The Forestry Commission has uncovered the illegal activities of some wood dealers after a thorough investigation into their operations following complaints made to the Commission over the wrongful seizure of wood by staff of the Commission.
A group of 45 wood dealers besieged the Forestry Commission Headquarters in Accra with complaints of wrongful seizure of their wood.
Among the complaints were that, the staff of the Commission and the Monitoring team at the various check points, seized wood with supposedly genuine documents; that vehicles conveying wood were stopped and checked unnecessarily by the Commission and vehicles carrying seized woods were held up for days and weeks at the Commission’s checkpoints and depot.
Mr Oppon Sasu, Executive Director Forest Services Division, who briefed the press, said the Commission after the complaints decided to conduct a thorough investigation to ascertain the truth about the complaints and find measures to deal with them.
He said the investigation took the form of studying the documents presented by the wood dealers, visit to the companies where the wood was purported to have originated from, obtain reports from the check points, and interviewing with persons involved in the issues.
Mr Sasu said investigations revealed that owners of seized wood had forged the signatures of owners of timber milling firms and timber companies on their illegally acquired waybills and gate passes.
“The claims of the wood dealers as having secured their wood legally from recognized sawmills are false and some Forestry Commission staff are also found to have been involved in issuing false documents to the wood dealers,” he said.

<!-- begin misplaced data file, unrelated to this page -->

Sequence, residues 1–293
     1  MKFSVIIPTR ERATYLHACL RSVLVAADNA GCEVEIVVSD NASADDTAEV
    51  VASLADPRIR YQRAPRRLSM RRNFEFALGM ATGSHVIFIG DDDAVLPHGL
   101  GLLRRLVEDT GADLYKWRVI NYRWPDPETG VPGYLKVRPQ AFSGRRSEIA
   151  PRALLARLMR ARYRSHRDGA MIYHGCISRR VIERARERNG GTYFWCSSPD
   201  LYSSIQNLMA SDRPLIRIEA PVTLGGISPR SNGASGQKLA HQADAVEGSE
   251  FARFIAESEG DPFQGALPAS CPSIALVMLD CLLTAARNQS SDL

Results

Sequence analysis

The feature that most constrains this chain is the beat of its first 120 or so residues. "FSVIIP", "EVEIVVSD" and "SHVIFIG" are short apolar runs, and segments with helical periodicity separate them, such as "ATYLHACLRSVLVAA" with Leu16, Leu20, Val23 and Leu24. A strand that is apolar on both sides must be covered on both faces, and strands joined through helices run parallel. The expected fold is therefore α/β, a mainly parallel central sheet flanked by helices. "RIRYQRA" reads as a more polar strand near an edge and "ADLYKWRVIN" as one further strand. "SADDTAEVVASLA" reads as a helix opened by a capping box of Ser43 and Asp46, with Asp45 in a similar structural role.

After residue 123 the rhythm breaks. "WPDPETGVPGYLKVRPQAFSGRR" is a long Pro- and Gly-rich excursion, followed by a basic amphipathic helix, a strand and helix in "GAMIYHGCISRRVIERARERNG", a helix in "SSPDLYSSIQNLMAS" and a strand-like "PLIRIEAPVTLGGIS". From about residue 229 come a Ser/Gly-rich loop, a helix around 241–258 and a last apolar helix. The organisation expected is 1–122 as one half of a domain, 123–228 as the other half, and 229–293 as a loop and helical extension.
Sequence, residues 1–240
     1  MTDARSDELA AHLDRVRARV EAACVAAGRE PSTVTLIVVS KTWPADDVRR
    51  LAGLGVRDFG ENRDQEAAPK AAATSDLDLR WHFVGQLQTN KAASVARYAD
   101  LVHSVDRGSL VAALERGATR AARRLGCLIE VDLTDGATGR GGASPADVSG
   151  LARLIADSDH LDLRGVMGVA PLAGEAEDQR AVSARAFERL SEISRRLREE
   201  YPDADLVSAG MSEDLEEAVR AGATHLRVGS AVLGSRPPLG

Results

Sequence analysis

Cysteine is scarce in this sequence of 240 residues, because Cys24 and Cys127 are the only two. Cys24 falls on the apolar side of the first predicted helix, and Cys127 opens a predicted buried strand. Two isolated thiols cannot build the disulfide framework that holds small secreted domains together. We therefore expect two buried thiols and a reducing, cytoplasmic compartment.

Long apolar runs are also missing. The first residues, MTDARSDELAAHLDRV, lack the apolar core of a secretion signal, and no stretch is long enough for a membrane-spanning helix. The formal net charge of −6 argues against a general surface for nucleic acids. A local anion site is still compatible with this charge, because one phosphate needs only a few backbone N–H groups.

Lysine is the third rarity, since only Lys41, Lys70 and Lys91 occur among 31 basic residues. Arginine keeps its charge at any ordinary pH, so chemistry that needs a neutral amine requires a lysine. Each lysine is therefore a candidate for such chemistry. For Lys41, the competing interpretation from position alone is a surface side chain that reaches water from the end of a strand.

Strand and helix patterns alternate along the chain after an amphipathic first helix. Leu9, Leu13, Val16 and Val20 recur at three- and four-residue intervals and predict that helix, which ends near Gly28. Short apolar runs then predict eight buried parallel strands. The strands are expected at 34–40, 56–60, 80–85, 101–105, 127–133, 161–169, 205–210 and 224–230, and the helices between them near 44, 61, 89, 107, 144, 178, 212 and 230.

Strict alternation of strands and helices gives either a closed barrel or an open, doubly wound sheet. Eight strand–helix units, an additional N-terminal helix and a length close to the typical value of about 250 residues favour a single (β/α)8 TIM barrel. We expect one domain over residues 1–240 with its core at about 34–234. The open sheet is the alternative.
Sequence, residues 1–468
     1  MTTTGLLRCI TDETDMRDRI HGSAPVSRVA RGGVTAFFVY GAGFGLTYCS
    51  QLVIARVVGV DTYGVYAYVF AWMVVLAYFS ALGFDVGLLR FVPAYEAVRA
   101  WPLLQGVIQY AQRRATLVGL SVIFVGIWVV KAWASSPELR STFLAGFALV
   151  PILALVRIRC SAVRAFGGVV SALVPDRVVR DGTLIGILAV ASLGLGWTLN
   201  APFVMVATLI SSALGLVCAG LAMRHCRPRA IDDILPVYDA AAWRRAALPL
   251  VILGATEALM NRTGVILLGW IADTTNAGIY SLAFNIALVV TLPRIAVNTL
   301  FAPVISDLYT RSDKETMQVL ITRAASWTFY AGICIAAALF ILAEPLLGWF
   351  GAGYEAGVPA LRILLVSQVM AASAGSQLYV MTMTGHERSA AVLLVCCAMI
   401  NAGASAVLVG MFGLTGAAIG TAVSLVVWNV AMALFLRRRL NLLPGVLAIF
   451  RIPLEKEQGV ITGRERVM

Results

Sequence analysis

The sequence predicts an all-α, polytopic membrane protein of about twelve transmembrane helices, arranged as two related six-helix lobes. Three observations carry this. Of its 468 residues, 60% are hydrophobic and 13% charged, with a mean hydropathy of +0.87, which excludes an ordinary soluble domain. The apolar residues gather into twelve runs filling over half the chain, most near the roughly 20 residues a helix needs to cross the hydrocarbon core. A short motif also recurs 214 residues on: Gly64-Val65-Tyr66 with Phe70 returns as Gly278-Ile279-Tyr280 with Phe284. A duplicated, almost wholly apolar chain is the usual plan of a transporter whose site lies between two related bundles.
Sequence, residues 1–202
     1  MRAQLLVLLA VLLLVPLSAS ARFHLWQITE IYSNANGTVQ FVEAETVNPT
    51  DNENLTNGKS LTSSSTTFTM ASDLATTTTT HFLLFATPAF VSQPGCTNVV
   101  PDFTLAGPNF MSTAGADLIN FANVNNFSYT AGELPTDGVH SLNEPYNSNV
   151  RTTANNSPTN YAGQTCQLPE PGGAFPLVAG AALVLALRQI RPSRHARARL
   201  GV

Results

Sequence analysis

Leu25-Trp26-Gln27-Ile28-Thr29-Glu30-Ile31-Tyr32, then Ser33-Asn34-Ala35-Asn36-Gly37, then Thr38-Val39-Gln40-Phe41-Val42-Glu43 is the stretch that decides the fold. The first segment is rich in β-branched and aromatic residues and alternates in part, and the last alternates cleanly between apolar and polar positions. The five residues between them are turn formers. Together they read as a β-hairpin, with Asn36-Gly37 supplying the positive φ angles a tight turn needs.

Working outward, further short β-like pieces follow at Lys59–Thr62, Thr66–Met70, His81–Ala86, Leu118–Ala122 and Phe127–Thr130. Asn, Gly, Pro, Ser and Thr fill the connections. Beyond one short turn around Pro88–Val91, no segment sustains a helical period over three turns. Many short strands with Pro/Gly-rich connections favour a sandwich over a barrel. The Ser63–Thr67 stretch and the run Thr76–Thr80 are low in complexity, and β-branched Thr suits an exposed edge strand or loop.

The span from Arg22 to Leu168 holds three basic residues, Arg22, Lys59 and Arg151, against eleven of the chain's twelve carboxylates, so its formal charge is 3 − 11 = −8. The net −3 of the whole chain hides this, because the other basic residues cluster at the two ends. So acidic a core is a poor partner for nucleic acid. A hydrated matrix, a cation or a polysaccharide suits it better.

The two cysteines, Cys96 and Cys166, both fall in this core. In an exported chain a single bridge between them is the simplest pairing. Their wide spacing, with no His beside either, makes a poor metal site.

Mr Sasu said the Forestry Commission taskforce teams conducted inspection of every truck carrying wood at the various check points, therefore, before any truck would be arrested or detained, the team would have had some level of suspicion.
“Some trucks also carry proper sawmill wood but the source is doubtful as the supposed sawmill owners are not able to declare the legitimate source forests from where those trees were felled, either in the forest reserve or salvage permit areas outside forest reserves”, he said.
He said the Commission through the investigation noticed that registration numbers of the trucks carrying the wood were different from the ones stated on the documents covering the wood.
Stock numbers were also repeated on different documents, which was an indication of deliberate felling outside the approved number of trees, he said.
Meanwhile, Mr Emmanuel Tei, a Chief Resource Guard with the Tema District of the Forest Services Division, Forestry Commission, was shot on January 25, this year.
Mr Tei was in the company of his assistant, Mr Atsu Tormeh on a routine patrol.
The victim was then rushed to the Kordiabe Health Centre where he was stabilized and referred to the Dodowa Government Hospital for further treatment.
Mrs Edith Abrokwah, Operations Director Forestry Service Division, said an x-ray conducted on him revealed that he had five pellets embedded in his body and a surgery was needed to be conducted to remove them.
She called on the security services to bring justice to Mr Tei and the Commission as a whole by identifying his assailant(s) to face the law.
“We are also appealing to all Ghanaians to help Forestry Commission protect Ghana’s forests by co-operating with our staff at all levels in the enforcement of all legislation that are intended to secure the integrity of the nation’s forest reserves and protected areas,” Mrs Abrokwah added.